Auslandsstudium – Auslandskontakte – Assistant Teachers

Erfahrungsberichte – Kanada

Erfahrungsbericht Auslandssemester 2012/13
University of Ottawa
Andrea Mareike Abel

Das Folgende ist größtenteils eine Zusammenstellung von Blogeinträgen, die ich während des Semesters an der University of Ottawa geschrieben und online gestellt habe. Das Blog kann weiterhin unter thegrumblingirlinottawa.wordpress.com [http://thegrumblingirlinottawa.wordpress.com/] abgerufen werden; es enthält auch noch mehr weiterführende Posts.

Organisatorisches:

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Mein Zimmer habe ich über Craigslist gefunden — es kann eine Weile dauern, bis sich jemand meldet, also nicht verzagen. Für die Einreise braucht man kein Visum, nur den Reisepass und den Begrüßungsbrief der Universität. Wenn möglich, ist es besser, ein paar Tage früher anzureisen; so hat man mehr Zeit, alles Administrative (Studentenausweis, Semesterticket) zu erledigen. Die Schlangen sind in den ersten Tagen des Semesters jenseits von spektakulär, das lässt sich in der letzten Augustwoche noch ganz gut vermeiden. Eure Versicherung und das Semesterticket solltet ihr bereits bezahlen, bevor ihr anreist, die Uni hat dafür in ihrem virtuellen Campus eine Anleitung für den Auslandstransfer.

Blogauszüge

The Quest for the Holy Grail begins… [http://thegrumblingirlinottawa.wordpress.com/2012/09/04/welcome-day/]

So, after days of agonising silence, today was Welcome Day, which works like this: herd the imported sheep together, shove them in a room, give them goodie bags, and tell them stuff. This concept usually plays out better in theory than it does in practice, but today, everything went smoothly. There were several sessions, due to the sheer number of people arriving from all over the world; also, I’m registered as an exchange student, whereas most other incoming students are registered as international students; which apparently causes confusion even among university employees sometimes. Note: always emphasise and be clear on which of these two groups you belong to when you go sorting out your things.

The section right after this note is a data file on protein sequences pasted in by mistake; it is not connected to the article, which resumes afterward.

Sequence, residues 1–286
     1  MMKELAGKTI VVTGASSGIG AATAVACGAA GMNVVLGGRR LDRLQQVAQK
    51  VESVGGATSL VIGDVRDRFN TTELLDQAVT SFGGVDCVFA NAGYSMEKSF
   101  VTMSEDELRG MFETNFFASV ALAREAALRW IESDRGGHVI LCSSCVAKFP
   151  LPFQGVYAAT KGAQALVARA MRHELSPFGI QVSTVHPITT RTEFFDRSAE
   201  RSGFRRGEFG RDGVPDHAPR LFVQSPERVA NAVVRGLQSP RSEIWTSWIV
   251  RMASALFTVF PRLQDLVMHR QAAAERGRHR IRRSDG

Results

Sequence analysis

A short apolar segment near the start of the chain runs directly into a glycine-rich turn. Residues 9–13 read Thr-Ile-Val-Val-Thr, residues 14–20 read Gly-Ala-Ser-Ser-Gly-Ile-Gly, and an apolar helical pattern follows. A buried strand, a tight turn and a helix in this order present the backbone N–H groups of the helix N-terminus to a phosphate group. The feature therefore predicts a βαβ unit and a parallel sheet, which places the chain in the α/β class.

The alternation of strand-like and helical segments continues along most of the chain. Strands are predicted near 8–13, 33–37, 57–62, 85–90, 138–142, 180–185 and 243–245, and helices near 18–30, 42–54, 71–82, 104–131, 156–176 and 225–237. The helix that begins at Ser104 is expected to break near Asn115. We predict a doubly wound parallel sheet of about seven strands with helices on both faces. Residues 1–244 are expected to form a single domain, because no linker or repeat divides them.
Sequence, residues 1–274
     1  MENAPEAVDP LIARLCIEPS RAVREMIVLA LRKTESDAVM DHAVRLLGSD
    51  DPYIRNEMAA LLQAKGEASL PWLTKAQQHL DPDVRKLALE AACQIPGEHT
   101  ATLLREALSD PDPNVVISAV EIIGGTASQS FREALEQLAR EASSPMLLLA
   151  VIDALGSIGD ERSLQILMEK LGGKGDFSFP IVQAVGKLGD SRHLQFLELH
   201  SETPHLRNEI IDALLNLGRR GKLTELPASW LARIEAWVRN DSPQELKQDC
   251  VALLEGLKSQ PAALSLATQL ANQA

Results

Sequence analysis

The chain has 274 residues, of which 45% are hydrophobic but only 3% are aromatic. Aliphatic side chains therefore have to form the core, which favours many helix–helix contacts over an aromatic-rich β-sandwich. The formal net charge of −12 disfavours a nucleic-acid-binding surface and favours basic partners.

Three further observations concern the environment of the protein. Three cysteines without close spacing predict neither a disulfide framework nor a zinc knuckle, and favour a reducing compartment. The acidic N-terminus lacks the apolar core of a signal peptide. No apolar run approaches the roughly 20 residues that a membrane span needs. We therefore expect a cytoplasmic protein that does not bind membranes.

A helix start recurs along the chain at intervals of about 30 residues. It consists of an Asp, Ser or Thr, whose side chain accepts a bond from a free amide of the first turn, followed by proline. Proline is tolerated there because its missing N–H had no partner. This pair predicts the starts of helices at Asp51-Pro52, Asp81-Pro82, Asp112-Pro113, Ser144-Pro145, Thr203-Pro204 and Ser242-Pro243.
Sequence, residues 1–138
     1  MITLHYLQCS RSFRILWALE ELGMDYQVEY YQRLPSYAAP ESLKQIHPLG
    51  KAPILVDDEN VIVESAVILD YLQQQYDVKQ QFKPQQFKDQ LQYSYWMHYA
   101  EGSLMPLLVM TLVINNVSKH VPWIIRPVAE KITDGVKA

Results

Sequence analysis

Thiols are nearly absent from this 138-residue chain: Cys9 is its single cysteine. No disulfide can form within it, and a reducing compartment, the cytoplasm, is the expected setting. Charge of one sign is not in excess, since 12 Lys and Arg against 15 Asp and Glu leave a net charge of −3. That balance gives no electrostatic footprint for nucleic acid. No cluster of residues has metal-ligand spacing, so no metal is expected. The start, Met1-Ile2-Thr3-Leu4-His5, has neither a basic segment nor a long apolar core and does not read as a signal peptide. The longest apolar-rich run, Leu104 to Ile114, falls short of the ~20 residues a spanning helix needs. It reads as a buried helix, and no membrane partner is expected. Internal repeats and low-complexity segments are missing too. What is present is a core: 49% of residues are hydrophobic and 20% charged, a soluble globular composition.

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There was also a lot of discussion on the matter of the uPass, and after the survey among all international and exchange students, the U-Pass is now available for exchange and international students again. The university has taken our recommendation and passed it on to OC Transpo. For students of this term, it is optional to purchase the pass; as of next year (2013/14), however, the pass will be mandatory for all students, and will be charged to your e-bill before the term starts, along with the insurance fee (UHIP). If you’re only staying for four months, you’ll be able to get a refund for half of the ticket in mid-December.

Welcome Day basically advises students to do everything organisational and administrative they haven’t gotten around to yet: picking up their student ID, finding an apartment/room if they’re still bunking at a hostel, picking up their course materials, if available, etc. In other news, there are people coming in to talk to you about the Community Life Service, the Health Resource Center, and the Sports Services. Moving on…

Academia!

I'm taking the following classes:

  • Modern British Lit, with Prof. Childs (third-year course)
  • Science Fiction, with Prof. Warnock (second-year course)
  • Fiction of Horror, with Prof. Cooper (second-year course)